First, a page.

a psychogeographic walk

Went for a walk in Hertfordshire which ended up being somewhat of a derive.

Firstly, along the 'Alban Way', which is the old London Midland line between Hatfield and St. Albans. I always seem to end up going along old railway tracks and they all share that air of quiet neglect, no matter how much they were part of a regeneration strategy. Reached Hill End station, and again thought about all the people who would have waited there on the overgrown platform that survives for a train, now never to come [I feel like that often with First Great Western].

From Hill End, I diverted to the park on the grounds of the former Hill End mental asylum, founded in the late 1890s, changing its name in the 1930s to the euphemistic 'hospital for nervous diseases', and which was eventually closed in 1995. There is an ongoing project to commemorate the patients and staff of the hospital, but I've not seen anything from this yet. All that there is on site is an information plaque in the somewhat neglected commemoration garden, and even on that, the language is very coded. Half the site is now a big housing estate, which cut into what appears to have been a substantial orchard. Now only a few trees remain. This reminds me of the seemingly endless series of housing estates built on the sites of mental hospitals that Iain Sinclair visited for London Orbital. I don't have the book to hand to check whether Hill End was one of them, but it certainly fits the characteristics that Sinclair identified. A liminal space, for marginal people. Now, a plot of cookie-cutter houses plonked on an old estate, with the language of the private developers masking the history of the site and its original buildings. Yet the memories and old histories still seep through somehow.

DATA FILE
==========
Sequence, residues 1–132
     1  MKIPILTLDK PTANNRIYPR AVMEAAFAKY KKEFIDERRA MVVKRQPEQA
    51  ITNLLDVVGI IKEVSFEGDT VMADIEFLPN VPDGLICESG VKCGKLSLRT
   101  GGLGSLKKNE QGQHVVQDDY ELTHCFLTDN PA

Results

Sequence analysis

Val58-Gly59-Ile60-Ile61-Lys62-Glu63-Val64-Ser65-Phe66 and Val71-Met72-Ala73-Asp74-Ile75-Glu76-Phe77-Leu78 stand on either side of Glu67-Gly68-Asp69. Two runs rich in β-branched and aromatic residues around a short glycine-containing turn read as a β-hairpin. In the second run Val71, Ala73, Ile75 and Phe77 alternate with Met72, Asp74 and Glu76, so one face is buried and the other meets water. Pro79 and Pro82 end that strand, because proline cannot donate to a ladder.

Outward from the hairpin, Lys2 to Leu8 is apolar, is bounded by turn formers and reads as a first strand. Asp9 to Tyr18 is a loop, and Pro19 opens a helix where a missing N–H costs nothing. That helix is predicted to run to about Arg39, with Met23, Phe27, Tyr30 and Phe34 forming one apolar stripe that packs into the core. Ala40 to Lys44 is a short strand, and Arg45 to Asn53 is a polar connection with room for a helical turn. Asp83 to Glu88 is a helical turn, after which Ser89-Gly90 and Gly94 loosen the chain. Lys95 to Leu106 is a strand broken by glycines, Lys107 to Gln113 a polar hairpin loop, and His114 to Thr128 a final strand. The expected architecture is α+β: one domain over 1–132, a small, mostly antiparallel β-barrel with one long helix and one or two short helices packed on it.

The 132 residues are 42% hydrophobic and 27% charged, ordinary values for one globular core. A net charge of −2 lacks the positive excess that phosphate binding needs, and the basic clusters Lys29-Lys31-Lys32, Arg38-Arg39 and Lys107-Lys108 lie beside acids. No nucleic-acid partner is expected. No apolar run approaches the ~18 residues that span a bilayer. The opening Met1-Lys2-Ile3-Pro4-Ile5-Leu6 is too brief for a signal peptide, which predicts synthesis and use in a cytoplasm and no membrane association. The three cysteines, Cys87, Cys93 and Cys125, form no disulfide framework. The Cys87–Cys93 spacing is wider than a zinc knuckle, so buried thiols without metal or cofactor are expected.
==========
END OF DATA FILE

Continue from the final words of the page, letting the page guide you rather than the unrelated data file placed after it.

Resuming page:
The park maintains an atmosphere of peace and natural beauty, but a sadness still lingers. The hospital itself was huge, but now only three of the original big redbrick buildings remain, plus a chapel now used as Trestle Arts Base.


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